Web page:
Carl Rosenkilde, - Westchester Health
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EEG: Electroencephalogram 
 
An electroencephalogram (EEG) is a test to detect problems in the electrical activity of the brain.
 
It is a physiological test, which is methodologically similar to EKG, different from imaging (CT, MRI, x-ray) or tissue sampling (blood, biopsy).
 
How the Test is Performed
 
Brain cells communicate with each other by producing tiny electrical impulses. In an EEG, this faint electrical activity is measured by putting electrodes on the scalp.The test is performed in your neurologist's office, at a hospital, or at an independent laboratory.
 
You will be asked to lie on your back on a bed (or in a reclining chair). The technician will apply between 16 and 21 flat metal disks(electrodes) in different positions on your scalp. The disks are held in place with a sticky paste inside a cap that will fit over the scalp. The electrodes are connected by wires to an amplifier and a recording machine. Needle electrodes are not used in our office.
 
The recording machine converts the electrical impulses into patterns that can be seen on a computer screen, as well as stored on a computer disk. Before computers, the activity was printed on paper.
 
The electical activity looks like a series of continuous wavy lines. You will need to lie completely still with your eyes closed because any movement can alter the results.You may be asked to do certain things during the recording, such as breathe deeply and rapidly for several minutes or look at a bright flashing light.
 
The activtiy occurs at different frequencies that all can be normal in certain situations. "Frequency" is the number of waves per second. Frequencies are different during wakefulnes, drowsiness and sleep. There are differents types of sleep associated with different waveforms. Certain medications can induce changes in the rhythms.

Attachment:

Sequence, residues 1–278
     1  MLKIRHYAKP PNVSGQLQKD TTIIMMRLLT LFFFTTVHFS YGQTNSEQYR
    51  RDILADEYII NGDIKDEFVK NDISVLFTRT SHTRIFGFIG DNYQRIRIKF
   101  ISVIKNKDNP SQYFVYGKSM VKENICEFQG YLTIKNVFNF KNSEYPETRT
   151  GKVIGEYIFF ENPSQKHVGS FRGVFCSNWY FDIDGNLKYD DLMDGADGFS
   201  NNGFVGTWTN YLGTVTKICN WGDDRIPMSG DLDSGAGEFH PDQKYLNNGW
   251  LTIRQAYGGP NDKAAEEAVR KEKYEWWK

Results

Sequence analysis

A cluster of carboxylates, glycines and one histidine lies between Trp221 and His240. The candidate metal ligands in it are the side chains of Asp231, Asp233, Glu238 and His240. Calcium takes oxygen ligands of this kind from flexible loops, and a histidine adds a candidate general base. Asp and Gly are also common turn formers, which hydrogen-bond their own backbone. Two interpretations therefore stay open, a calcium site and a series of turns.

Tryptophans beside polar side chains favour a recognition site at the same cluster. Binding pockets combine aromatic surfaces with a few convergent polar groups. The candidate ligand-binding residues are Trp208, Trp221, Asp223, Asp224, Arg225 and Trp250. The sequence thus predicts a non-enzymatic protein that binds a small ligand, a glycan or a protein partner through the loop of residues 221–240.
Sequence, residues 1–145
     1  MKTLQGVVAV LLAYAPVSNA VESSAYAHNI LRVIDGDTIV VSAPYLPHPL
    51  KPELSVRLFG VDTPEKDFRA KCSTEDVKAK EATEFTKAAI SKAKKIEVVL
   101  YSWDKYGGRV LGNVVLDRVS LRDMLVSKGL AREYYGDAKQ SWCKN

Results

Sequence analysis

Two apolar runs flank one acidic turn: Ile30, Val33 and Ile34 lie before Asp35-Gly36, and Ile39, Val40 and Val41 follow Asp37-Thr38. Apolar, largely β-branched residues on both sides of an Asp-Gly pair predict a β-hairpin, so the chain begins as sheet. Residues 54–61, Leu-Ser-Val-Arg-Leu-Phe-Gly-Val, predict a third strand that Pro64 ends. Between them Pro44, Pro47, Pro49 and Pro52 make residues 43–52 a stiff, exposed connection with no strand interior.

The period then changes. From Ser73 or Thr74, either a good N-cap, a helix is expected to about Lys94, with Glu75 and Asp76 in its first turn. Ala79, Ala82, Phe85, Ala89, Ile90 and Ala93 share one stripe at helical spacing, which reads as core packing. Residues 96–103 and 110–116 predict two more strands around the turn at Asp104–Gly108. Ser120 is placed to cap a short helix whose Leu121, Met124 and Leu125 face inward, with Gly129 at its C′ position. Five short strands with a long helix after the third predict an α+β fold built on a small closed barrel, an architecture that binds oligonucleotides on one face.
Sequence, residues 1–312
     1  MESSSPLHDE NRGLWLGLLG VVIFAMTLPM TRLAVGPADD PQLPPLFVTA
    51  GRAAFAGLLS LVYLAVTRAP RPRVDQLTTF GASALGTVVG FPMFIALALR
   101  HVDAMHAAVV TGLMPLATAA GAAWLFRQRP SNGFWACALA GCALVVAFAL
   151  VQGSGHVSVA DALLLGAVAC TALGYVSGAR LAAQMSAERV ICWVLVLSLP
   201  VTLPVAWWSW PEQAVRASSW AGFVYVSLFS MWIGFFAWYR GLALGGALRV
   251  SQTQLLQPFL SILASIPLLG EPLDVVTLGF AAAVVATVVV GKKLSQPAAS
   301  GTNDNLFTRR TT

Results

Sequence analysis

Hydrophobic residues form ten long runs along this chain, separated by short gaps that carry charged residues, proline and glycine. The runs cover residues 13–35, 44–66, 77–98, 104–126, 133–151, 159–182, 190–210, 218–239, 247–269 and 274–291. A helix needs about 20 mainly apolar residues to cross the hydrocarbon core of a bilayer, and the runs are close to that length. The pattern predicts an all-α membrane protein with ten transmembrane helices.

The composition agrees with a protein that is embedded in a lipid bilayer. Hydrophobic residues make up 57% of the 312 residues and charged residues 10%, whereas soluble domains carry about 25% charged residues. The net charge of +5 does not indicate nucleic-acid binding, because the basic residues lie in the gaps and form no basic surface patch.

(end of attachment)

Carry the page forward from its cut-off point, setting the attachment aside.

Brain waves are faster when you are awake, and, usually, slower when you're sleeping. There are also normal patterns to these waves. These frequencies and patterns are what the EEG reader is looking for.
 
 
 
How to Prepare for the Test  
 
1. On the test day wash your hair thoroughly and dry, but please use NOTHING in your hair.  (No hair spray, oils, or leave-in conditioner.)
 
2. Take all your medications as directed (unless otherwise instructed).
 
3. Please avoid all foods and beverages containing caffeine (coffee, tea, sodas, cola, chocolate) for 8 hours before the test.
 
4. Please arrive promptly at Dr. Rosenkilde's office for your test.
 
5. Good news: this test is painless.  Although having electrodes pasted onto your skin may feel strange, they only record activity and do not produce any sensation. No significant electricity passes from the electrode into your skin.  You will have no after-effects and you will be able to resume all your normal activities.
 
6. Eat before being tested: Two hours before the EEG, eat a regular meal (or at least a snack) to help stabilize blood sugar level. Do notdrink alcohol within 8 hours of the test.